torque

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English[edit]

Pronunciation[edit]

Etymology 1[edit]

Borrowed from Latin torqueō (to twist).

Noun[edit]

torque (countable and uncountable, plural torques)

  1. (physics, mechanics) A rotational or twisting effect of a force; a moment of force, defined for measurement purposes as an equivalent straight line force multiplied by the distance from the axis of rotation (SI unit newton metre or Nm; imperial unit pound-foot or lb·ft, not to be confused with the foot pound-force, commonly "foot-pound", a unit of work or energy)
    • 1978, James Richard Wertz, Spacecraft Attitude Determination and Control, Springer, page 17:
      The relative strengths of the various torques will depend on both the spacecraft environment and the form and structure of the spacecraft itself.
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Descendants[edit]

  • Turkish: tork
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Verb[edit]

torque (third-person singular simple present torques, present participle torquing or torqueing, simple past and past participle torqued)

  1. (physics, mechanics) To make something rotate about an axis by imparting torque to it.

Derived terms[edit]

Further reading[edit]

Etymology 2[edit]

The Dying Gaul wearing a torque

From French torque, from Old French, from Latin torquis

Alternative forms[edit]

Noun[edit]

torque (plural torques)

  1. A tightly braided necklace or collar, often made of metal, worn by various early European peoples.
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Further reading[edit]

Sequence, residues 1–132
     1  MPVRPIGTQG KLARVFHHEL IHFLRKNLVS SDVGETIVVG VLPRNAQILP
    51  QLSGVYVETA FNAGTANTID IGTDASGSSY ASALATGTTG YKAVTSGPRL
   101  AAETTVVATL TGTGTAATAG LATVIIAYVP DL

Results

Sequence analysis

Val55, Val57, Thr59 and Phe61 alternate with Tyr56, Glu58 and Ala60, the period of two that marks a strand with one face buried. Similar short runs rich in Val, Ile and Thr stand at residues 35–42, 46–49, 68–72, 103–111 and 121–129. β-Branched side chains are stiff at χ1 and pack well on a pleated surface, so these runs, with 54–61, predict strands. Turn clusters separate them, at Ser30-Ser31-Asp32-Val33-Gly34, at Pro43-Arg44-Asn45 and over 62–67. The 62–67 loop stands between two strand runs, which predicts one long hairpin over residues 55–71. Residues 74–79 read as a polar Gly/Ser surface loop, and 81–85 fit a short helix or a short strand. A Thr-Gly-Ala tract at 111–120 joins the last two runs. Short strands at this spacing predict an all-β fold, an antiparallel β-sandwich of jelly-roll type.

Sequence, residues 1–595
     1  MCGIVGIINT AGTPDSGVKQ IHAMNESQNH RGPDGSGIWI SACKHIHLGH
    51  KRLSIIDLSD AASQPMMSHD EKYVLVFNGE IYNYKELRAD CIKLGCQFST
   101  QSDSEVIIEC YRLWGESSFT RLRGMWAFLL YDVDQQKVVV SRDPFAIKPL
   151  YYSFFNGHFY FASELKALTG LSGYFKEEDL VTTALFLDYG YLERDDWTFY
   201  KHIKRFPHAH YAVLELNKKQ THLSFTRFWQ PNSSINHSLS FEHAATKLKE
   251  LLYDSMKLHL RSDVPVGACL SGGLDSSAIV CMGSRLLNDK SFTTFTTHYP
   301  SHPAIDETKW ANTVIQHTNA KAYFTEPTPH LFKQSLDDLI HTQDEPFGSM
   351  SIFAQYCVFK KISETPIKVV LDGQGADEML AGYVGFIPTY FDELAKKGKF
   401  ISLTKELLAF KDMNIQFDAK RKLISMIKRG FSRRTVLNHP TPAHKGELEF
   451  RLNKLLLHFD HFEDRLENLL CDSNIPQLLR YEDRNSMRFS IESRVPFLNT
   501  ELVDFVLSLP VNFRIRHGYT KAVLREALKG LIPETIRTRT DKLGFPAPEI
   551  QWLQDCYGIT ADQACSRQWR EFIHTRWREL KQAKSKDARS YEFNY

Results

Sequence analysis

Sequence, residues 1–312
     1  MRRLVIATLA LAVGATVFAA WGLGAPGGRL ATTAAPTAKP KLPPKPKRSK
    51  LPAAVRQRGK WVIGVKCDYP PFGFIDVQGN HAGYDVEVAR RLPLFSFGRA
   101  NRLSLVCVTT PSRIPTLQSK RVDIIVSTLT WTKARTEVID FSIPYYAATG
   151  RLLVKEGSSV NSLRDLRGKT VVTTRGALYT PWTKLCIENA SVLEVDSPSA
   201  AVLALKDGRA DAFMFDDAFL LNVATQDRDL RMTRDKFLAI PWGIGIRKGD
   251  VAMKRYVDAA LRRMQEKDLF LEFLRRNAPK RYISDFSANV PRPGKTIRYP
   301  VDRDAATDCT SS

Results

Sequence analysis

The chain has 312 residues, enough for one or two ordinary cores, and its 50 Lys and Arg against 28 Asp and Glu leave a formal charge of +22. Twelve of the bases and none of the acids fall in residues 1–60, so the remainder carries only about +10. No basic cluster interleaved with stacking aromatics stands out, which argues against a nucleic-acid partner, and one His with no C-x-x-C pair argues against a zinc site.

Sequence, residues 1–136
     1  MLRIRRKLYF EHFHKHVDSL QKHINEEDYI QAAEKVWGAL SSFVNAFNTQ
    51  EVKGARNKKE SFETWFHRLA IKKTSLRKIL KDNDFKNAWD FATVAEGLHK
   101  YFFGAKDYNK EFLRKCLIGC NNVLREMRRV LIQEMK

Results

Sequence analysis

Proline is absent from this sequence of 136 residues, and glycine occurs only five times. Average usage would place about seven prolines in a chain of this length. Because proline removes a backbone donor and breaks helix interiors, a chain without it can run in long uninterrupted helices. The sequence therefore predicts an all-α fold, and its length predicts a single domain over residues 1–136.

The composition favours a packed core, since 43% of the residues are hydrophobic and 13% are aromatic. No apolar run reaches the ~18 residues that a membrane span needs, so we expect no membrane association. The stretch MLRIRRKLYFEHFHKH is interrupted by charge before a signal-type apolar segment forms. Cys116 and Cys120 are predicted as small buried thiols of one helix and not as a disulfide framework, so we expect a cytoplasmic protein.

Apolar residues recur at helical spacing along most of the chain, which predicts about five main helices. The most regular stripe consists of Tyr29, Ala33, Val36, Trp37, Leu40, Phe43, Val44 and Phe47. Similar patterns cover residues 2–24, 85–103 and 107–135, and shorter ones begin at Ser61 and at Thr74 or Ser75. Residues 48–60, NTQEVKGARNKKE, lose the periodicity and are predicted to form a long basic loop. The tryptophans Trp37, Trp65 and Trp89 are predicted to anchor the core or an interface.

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Galician[edit]

Galician Wikipedia has an article on:
Wikipedia gl
A Galician Iron Age torque

Alternative forms[edit]

Etymology[edit]

From Latin torquis.

Pronunciation[edit]

Noun[edit]

torque m (plural torques)

  1. torque (a tightly braided necklace or collar, often made of metal, worn by various early European peoples.)

References[edit]

  • torque” in Tesouro informatizado da lingua galega. Santiago: ILG.

Latin[edit]

Noun[edit]

torque

  1. ablative singular of torquis

Portuguese[edit]

Noun[edit]

torque m (plural torques)

  1. (physics, mechanics) torque (a rotational or twisting force)

Spanish[edit]

Spanish Wikipedia has an article on:
Wikipedia es

Etymology[edit]

Borrowed from Latin torqueō (to twist).

Pronunciation[edit]

  • IPA(key): /ˈtoɾke/, [ˈt̪oɾ.ke]

Noun[edit]

torque m (plural torques)

  1. (physics, mechanics) Nonstandard form of momento de fuerza (torque, a rotational or twisting force).

Related terms[edit]

See also[edit]

Anagrams[edit]